The first eight games weren't too bad. If anything I was almost as nervous returning in early May for the finals. Bear in mind that I hadn't seen all the contestants then. I hadn't for example seen the number 1 seed, John Brackstone, who at that time had not been shown on TV. And I especially feared Jon O'Neill with his brilliant numerical skills. Well, I didn't make light work of any of my games. With Chris Hunt who first appeared the "day after" my 8 wins (he was seen on screen the 1st March 2005) I got off to a reasonable start and was safely but not vastly ahead by the conundrum. In the semi-final I had to face Jon O'Neill whose deadpan style I had seen off- as well as on-screen. We both got the maximum 7 on Round 1. Then weirdly we both missed some easy 6's on Round 2. With the letters CYFTNEAOS we had both seen 6's. In fact I saw the 7-letter Scrabble-acceptable words COSTEAN and OCTANES, though I wouldn't have risked them. OCEANS, CANOES and OCTANE would have done nicely. I saw OCTANE and OCEANS but was obsessed with finding a longer word and, through sheer nerves, ended up calling a mere 5, FANCY, as did Jon. I don't know quite how but at the conundrum I was leading by a mere point. Neither of us saw the slightly difficult anagram CONCIERGE (from EROGENICC) and by default the game was mine.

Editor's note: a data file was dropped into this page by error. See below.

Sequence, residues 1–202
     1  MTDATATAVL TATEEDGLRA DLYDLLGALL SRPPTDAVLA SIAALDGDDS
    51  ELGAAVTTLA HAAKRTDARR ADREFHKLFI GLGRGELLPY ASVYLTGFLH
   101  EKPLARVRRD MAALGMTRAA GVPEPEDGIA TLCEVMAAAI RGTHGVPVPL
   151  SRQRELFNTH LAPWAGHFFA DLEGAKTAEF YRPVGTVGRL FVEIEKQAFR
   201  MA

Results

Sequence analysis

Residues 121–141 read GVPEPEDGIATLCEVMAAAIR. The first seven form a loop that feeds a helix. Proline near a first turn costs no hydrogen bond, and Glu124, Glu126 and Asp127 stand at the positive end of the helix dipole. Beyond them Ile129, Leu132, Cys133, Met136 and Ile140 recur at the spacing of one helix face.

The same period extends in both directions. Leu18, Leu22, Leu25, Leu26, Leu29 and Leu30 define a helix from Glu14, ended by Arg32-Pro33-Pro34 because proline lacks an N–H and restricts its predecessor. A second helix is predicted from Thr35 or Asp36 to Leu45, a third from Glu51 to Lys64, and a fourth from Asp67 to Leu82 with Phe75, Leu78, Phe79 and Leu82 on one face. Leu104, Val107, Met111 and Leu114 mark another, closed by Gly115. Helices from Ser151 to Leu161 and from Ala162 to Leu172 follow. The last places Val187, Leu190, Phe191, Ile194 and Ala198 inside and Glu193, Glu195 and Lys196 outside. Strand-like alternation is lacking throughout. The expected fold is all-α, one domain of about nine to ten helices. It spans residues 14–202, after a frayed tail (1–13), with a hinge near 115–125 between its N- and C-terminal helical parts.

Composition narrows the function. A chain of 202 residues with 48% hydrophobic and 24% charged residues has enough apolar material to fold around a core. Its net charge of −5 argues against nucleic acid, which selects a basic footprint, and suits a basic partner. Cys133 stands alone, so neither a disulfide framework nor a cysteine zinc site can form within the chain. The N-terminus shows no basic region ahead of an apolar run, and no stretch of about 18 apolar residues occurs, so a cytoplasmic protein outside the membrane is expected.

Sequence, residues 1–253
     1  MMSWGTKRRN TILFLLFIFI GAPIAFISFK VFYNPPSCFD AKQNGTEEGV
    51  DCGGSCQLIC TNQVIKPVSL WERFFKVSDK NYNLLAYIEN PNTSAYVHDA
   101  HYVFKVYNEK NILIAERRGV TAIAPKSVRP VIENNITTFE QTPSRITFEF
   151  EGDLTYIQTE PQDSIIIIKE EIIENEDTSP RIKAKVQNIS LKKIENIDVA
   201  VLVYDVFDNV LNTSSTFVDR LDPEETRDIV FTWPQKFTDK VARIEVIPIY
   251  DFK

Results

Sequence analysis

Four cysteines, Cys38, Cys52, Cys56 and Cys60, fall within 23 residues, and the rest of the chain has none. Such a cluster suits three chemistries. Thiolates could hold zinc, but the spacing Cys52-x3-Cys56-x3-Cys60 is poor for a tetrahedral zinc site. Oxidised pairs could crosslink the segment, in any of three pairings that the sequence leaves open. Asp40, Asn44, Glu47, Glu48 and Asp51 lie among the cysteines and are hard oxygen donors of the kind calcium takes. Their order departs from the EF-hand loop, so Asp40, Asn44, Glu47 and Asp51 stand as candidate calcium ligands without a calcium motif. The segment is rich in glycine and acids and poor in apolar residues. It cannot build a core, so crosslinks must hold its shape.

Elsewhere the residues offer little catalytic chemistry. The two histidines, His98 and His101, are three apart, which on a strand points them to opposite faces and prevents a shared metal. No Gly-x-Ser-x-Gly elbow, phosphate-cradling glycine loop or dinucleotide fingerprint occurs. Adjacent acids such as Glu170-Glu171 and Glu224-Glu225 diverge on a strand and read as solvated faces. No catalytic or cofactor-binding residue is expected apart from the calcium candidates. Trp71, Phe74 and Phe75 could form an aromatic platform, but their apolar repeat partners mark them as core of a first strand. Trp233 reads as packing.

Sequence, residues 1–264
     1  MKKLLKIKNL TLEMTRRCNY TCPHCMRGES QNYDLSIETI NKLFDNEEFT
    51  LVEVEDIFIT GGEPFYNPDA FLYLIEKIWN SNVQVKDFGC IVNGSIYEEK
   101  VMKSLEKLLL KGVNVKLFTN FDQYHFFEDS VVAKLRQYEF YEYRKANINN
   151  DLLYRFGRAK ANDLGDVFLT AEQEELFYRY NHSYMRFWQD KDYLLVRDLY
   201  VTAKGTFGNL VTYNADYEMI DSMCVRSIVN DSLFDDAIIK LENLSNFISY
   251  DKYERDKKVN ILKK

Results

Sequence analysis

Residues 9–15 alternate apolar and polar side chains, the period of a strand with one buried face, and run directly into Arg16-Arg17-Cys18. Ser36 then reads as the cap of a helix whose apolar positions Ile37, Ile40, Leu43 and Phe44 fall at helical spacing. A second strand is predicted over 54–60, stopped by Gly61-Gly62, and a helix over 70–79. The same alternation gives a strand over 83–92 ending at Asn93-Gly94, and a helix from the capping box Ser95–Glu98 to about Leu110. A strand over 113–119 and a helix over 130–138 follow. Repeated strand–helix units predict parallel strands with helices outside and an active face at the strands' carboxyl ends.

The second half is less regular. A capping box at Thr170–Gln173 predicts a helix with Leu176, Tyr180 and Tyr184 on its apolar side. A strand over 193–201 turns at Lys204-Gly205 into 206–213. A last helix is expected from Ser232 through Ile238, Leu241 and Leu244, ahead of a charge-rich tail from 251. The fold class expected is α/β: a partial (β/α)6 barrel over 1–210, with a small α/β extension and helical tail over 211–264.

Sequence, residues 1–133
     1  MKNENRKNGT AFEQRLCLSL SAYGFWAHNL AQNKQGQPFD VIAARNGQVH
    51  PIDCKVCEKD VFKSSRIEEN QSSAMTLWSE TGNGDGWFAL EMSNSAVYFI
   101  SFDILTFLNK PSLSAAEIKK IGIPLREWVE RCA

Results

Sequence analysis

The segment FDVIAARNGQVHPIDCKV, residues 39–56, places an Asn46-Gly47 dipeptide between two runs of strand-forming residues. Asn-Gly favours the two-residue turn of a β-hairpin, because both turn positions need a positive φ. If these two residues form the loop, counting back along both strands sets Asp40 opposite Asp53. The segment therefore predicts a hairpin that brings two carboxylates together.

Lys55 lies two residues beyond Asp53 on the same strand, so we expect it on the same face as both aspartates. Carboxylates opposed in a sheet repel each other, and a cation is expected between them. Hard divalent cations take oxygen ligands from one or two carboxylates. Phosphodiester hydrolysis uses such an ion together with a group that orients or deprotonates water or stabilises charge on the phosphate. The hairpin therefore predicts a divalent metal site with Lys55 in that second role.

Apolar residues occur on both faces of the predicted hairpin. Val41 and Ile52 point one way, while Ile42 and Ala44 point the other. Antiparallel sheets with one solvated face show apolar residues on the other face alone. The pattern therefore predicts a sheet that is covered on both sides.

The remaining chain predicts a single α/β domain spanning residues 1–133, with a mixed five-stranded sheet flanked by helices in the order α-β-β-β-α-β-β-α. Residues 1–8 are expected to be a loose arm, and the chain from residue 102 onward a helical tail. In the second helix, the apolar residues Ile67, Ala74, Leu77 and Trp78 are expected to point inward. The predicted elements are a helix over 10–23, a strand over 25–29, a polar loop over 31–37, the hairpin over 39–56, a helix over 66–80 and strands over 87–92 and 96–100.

If I felt the semi-final was a lucky win, it had nothing on the final itself. John Brackstone didn't start well. I got off to a healthy start with TASTEFUL. In the second round we both missed COMPOTES. In the fourth we both found MARINADE, and neither of us saw MANDARINE (the alternative spelling of the "short squashy fruit", according to Philip Franks, then residing). I blobbed on the next numbers round allowing John B. to catch up somewhat, then promptly made a mess of the next two letters rounds missing the easy BRISKET, then risking the Scrabble word PRIMAGE where the safe anagram EPIGRAM would have done nicely. At this point, with the final numbers round and the conundrum to go, we were level on 76. Eek! We both failed to get near the number target, a sign of nerves again I think. So now we faced the conundrum, equally scored, the ultimate sudden death for the final. ARTGENIUS. Looking at it now it's hard to believe that I didn't get it. It's hard to believe that J.B. didn't get it either. I remember thinking at the time that, whoever won the game, it must have been exciting for the viewers. But mostly I was thinking to myself: "Please, please, get the next conundrum quickly!" Now here's something that isn't generally known. There were three conundrums and I can't for the life of me recall what the second conundrum was. Suffice to say that, again, neither of us got it and it was edited out later to avoid running over time. If anyone remembers hearing my maniacal giggling (should that be cackling?) after the first conundrum, please bear in mind that in reality we were now facing our third crucial conundrum. At this stage I had almost given up caring which of us won as long as the ordeal was over soon. As I said I was lucky, and I still feel undeserving in a way. I got the third conundrum, FALSIFIED, in 3 seconds and thereby won the series. It wasn't the best way to win but, hey, I did it - and actually it's not an unfair result.